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HomeAwardsContender -- Editor Lee Smith, Interstellar

Contender — Editor Lee Smith, Interstellar


Lee Smith
Lee Smith

Though working with an established director such as Christopher Nolan would be appealing to most below-the-line craftspeople, it took a lengthy call from Nolan to editor Lee Smith to convince him to first join the ranks of Nolan’s crew on Batman Begins. “I had just finished editing Master and Commander in Los Angeles and got myself a U.S. agent,” Smith said by phone from London where he is now cutting the next James Bond film, Spectre. “They asked if I wanted to work on a Batman film, and I didn’t want to. [Chris and I] had an interesting chat for an hour. Chris was gauging my taste and what I liked and didn’t like about movies. After that, I went home to Australia, and my agent said, ‘You’ve got the job.’ We went on to do six films in a row.”

Over Nolan’s three Batman films, plus The Prestige, Inception and now Interstellar, Smith and Nolan have decidedly formed a healthy collaboration. “We have a great shorthand which we’ve built up over the years,” Smith explained. “We enjoy talking and reviewing the footage and investigating how you can make all of the changes editorially. We have similar tastes. They don’t align perfectly, but on the whole they align enough.”


Unlike Nolan’s earlier films with Smith as editor, Interstellar brings the pair into the territory of an abstract space epic, requiring a unique approach, especially to establish the film’s rhythm and pace over its 169 minutes. “We took our time with it,” Smith explained, citing the earlier films in contrast. “You really are packing a lot of information and speed in the Batman films. This film had a rhythm all of its own. It was a matter of keeping interest rolling along. We did test it numerous times and were pleased with the way the audience responded to the movie. We never had any negatives about the length. It holds its own.”

To achieve a measured pace for a film that bridges almost three hours, Smith points to Nolan’s economical shooting style as assisting him in the process. “Chris had the film very well-planned out in his head,” Smith related. “He has more of a clinical precision to what he’s shooting. He knows exactly what he wants and how to get it; he knows the end result. Other directors may change their minds and change coverage and the way the scene is going. He’s more planned in the way he executes. On that scale and complexity – Interstellar or Inception – if you weren’t on top of how that film would play out, it would be very complicated to edit. There’s always a way, in Chris’s coverage, to make it work.”

INTERSTELLAROne of Interstellar’s standout editing moments occurs when Matthew McConaughey’s astronaut character, Cooper, watches video messages of his children who have grown up over two decades in what to McConaughey seems like mere hours. “It is one of my favorite scenes, mainly because McConaughey, in take one of four takes, decided to not watch the video monitor before the cameras rolled,” Smith explained. “We had already cut the footage on the monitor. It was live footage. He responded in a real and emotion a way. You couldn’t cut away from him. As the scene continues, it does go backwards and forwards – the crisis of realizing that you’ve missed your entire children’s youth. The end of the scene – he reaches forward, the screen cuts blank, and we cut to Murph [his now adult daughter, portrayed by Jessica Chastain] recording that message. You think things are happening at once, but he is watching a message years prior.”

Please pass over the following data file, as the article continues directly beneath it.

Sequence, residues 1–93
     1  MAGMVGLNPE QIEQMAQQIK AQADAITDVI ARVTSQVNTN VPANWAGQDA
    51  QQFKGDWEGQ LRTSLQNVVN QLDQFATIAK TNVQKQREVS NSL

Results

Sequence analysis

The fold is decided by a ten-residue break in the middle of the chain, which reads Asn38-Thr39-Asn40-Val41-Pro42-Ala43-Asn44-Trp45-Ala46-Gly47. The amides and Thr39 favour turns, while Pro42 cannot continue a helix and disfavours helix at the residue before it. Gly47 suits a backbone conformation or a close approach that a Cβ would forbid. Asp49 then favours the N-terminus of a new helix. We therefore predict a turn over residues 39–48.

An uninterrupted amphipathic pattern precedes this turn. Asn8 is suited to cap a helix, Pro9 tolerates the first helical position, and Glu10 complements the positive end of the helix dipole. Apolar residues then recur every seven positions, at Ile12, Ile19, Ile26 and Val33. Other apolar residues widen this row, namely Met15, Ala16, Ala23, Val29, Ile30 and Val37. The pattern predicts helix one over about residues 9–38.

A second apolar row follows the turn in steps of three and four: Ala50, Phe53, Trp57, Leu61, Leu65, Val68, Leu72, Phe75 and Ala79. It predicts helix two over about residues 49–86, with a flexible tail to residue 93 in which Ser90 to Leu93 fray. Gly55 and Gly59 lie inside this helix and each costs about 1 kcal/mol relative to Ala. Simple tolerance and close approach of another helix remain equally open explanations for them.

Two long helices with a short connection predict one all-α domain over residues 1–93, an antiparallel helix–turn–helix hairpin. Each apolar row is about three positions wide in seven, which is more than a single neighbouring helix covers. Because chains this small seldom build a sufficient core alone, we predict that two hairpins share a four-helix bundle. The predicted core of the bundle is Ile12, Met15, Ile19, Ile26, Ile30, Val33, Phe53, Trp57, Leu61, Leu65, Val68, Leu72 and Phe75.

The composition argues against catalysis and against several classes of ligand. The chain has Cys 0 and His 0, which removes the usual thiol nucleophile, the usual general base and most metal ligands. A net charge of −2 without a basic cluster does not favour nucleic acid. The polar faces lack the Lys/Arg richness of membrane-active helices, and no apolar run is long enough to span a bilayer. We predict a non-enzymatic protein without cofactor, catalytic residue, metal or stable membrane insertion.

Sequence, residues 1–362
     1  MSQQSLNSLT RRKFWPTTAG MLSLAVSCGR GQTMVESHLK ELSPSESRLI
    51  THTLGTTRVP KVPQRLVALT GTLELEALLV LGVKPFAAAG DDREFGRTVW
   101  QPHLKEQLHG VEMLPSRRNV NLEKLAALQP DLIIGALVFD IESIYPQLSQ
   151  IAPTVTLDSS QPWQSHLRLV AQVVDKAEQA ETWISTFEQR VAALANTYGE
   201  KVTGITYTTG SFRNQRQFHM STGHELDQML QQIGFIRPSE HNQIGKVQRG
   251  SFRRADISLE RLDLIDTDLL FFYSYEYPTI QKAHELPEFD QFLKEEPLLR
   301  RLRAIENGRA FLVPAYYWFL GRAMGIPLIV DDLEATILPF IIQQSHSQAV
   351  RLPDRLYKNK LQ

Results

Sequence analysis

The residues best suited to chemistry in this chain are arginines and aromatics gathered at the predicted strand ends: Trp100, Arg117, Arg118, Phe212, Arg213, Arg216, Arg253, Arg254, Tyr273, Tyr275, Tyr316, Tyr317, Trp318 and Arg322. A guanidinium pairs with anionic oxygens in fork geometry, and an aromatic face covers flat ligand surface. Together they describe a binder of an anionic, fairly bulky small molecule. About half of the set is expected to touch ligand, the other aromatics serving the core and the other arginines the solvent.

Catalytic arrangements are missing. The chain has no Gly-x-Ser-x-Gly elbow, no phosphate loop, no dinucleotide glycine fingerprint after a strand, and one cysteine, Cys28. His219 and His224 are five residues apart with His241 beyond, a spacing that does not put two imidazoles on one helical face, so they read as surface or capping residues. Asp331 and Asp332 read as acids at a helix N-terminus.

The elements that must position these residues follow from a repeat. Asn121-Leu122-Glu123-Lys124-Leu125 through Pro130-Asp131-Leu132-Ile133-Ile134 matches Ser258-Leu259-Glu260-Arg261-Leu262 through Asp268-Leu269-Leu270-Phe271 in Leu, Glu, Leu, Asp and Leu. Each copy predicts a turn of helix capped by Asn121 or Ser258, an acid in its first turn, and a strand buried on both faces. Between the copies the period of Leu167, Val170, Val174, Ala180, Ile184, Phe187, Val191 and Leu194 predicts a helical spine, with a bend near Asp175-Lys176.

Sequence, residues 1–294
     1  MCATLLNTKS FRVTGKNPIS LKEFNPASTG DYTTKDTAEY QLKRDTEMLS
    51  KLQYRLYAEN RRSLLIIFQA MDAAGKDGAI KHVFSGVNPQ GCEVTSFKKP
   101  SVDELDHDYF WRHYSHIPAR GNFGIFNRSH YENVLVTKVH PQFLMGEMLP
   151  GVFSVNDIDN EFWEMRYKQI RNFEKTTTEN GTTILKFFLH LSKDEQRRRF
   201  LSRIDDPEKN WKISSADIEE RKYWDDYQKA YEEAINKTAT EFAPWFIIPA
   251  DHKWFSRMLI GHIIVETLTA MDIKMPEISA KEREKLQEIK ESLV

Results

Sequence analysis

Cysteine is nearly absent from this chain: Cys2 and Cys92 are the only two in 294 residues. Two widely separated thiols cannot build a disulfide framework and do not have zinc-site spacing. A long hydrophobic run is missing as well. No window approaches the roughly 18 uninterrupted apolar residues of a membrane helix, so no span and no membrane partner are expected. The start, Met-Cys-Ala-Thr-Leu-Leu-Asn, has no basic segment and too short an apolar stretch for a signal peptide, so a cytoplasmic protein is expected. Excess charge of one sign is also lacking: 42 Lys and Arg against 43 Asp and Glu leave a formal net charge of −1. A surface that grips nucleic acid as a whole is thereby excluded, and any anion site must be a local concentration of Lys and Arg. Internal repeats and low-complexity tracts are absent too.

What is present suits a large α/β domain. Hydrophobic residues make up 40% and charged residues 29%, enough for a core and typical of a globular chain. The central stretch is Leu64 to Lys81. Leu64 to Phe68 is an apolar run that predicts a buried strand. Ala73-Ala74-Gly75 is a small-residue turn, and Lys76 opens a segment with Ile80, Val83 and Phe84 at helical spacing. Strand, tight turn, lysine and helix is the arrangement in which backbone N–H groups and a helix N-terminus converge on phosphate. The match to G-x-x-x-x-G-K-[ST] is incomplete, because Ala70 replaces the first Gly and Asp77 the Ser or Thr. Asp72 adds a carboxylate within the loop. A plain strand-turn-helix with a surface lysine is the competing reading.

One of Interstellar’s staples of principal photography was its lack of greenscreen background placement to achieve a method of adding visual effects in postproduction, which would obviously influence the film’s editorial approach. “Working with [visual effects supervisor] Paul Franklin – Chris hates shooting greenscreens and I hate editing green screens,” Smith revealed. “We shot with rear projection and front projection. It wasn’t always the final version, but it’s being filmed as if it’s all real. Greenscreens are old school. It’s all in the pre-planning, pre-shooting, getting the right plates, the real environments to match your lighting against. I never buy the depth of field on the greenscreen. I can spot all of this stuff.”

INTERSTELLARSmith pointed to another element in Nolan’s live-element shooting strategy which he believed worked to Interstellar’s benefit. “Chris has so much captured in frame, there’s no way around it for [visual effects artists],” Smith said. “It’s a lock once you shoot, and it gets the best results. People felt like they went on a journey into space. Actors were on full spaceships at Sony with projections out the windows. I think it shows in the final film: a total construct with a lot of work — the more physical real process that Chris goes through. The results are there. I’ve always believed that if you can show everyone a real element on the set, they respond to it very differently. As soon as you stick it on a gigantic greenscreen in a sound stage, it’s all very controlled. Then it becomes like animation.”

Of his 10-11 months of cutting on Interstellar, Smith exuded obvious pride. “In Leicester Square in London – a billboard for Interstellar,” he said. “It’s pretty cool for a film that isn’t a franchise or high-action movie to be doing so well. These are the kind of films you can look back on in 20 years, and it’s a great feeling.”

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